A new survey report from the International Foundation of Employee Benefit Plans reveals the flexible work arrangements offered by companies across the United States. Key findings from Four-Day Workweek: 2023 Survey Results include the type of non-traditional schedules offered, and reasons for and challenges of implementing four-day workweek schedules.
Five percent of employers are offering a four-day workweek, either as a formal policy or on a case-by-case basis. The survey defined a four-day workweek as decreasing the required weekly work hours from 40 to 32 hours. One percent of employers are in the process of piloting a four-day schedule, and an additional 14% of employers are considering implementation. Compressed workweeks, defined as working 40-hours in less than five days, are offered by 24%.
Employers cited the following reasons for implementing a four-day, 32-hour workweek:
- Request by employees—41%
- Retention strategy—36%
- Work-life balance / rethinking company culture—36%
- Recruitment strategy—27%.
While some respondents have implemented a four-day workweek company-wide, many offer it only for certain job functions, specific employee levels or in certain locations.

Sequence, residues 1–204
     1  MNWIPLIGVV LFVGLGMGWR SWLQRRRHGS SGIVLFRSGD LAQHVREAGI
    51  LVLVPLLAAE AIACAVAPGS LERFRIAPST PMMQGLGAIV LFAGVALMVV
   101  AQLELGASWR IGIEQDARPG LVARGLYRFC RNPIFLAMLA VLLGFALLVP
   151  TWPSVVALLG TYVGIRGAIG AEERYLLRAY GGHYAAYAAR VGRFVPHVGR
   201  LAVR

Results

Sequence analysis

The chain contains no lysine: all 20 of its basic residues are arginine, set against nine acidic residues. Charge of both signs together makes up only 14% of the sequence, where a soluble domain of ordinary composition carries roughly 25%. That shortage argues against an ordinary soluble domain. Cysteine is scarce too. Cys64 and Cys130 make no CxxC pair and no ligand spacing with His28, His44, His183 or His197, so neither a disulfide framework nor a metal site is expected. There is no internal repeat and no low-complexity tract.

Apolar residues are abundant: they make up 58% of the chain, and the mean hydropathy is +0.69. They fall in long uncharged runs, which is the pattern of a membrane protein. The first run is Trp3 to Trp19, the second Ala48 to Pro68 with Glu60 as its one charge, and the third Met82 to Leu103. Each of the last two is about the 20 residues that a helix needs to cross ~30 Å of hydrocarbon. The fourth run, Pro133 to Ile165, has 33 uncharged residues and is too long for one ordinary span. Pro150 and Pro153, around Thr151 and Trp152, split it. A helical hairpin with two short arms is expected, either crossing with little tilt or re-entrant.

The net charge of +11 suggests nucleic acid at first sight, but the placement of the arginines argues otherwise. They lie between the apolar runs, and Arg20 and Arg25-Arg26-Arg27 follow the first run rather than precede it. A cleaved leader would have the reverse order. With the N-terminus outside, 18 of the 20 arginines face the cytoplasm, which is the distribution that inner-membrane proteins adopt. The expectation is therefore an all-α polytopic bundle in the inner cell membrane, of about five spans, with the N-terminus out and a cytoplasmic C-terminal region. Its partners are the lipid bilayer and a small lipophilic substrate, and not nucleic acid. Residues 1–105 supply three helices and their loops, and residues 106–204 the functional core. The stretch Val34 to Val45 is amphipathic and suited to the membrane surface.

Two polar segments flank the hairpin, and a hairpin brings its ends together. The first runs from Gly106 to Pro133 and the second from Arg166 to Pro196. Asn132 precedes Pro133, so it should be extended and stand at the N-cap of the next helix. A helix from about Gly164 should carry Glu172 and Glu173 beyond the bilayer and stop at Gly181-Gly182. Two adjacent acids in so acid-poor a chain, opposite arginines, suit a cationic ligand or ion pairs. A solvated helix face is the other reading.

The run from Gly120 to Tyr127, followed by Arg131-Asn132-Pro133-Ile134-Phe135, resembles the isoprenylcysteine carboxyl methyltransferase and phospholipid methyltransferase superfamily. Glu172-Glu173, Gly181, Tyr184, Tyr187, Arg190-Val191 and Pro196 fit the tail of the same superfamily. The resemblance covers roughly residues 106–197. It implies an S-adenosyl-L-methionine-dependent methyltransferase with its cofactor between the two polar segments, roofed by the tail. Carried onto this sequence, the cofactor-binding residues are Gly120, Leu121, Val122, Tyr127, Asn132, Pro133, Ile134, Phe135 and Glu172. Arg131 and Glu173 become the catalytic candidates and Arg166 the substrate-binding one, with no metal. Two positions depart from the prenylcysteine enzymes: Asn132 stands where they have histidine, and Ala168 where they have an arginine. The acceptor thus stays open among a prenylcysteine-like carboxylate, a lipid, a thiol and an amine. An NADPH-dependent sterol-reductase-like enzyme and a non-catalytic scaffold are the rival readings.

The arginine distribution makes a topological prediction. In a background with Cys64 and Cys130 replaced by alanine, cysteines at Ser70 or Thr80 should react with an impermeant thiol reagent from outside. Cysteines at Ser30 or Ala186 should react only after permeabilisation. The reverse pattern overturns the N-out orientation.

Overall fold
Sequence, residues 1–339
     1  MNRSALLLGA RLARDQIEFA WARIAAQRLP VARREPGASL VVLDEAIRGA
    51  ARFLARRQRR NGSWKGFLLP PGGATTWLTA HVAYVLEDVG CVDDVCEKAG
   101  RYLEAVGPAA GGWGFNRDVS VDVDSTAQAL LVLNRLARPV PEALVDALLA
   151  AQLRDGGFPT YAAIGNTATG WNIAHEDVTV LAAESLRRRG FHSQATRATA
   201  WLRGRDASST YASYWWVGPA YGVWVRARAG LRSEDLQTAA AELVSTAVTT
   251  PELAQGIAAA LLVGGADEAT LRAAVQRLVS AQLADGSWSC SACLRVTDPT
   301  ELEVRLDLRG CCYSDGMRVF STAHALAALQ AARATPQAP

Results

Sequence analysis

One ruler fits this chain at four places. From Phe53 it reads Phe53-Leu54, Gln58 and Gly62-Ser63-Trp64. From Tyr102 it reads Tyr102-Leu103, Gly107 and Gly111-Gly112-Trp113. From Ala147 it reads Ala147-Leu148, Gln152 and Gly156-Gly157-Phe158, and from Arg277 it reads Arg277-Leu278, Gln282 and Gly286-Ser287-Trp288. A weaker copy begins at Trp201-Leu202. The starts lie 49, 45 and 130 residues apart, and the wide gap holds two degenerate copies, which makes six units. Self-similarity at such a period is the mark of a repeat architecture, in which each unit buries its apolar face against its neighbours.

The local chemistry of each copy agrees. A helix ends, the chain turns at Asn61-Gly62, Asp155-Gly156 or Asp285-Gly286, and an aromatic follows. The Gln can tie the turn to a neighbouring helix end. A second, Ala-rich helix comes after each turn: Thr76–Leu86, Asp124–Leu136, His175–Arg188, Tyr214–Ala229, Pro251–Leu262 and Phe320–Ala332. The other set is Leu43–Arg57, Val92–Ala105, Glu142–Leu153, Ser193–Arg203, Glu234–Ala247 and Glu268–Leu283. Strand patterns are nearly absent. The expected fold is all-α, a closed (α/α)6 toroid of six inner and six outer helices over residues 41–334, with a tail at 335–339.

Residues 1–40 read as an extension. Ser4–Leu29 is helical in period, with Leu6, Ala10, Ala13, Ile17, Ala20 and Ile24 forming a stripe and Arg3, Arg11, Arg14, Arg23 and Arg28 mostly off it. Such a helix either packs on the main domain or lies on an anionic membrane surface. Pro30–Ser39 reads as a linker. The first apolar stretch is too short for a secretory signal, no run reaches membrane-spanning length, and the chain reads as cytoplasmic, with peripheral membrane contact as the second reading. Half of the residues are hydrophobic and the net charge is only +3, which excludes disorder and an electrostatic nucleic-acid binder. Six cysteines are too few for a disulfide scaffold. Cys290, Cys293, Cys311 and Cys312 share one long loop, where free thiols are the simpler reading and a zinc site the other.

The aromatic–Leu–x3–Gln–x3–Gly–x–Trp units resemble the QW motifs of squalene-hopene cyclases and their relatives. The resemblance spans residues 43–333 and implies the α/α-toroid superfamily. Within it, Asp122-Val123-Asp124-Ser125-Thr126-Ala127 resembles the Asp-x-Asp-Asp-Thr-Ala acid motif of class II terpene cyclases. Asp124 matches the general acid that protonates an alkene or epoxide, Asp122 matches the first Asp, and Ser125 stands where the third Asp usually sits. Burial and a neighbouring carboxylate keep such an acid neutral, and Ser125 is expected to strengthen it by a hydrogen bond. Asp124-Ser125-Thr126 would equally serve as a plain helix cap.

Employers that do not offer four-day workweeks indicated the following reasons and concerns:
- Lack of interest by upper management—42%
- Difficulty implementing it organization-wide—38%
- Negative impact on business operations—36%
- Unsure if it would work with organization structure—36%
- Unable to support customer base—32%.
When discussing flexible workweeks with Julie Stich, CEBS, Vice President of Content at the International Foundation, she said that as the traditional work week saw a major upheaval with the pandemic, a few employers are implementing a four-day workweek for recruiting and retention reasons. However, most employers, even if interested, are struggling to figure out how to make that a reality while trying to meet business operation goals.
Flexible Work Arrangements
In the aftermath of the pandemic, flexible work schedules remain common. Employers are offering several non-traditional schedule options, with one or more remote work options being the most common. Overall, 88% of respondents offer some type of remote option (fully remote and/or hybrid).
Flexible work arrangements offered include:
- Working remotely on certain days of the week (hybrid)—75%
- Flexible work hours—61%
- Working remotely full-time—50%
- Part-time schedule—35%
- Compressed workweeks—24%.
For more information and to view full survey results, visit www.ifebp.org/fourdayweek.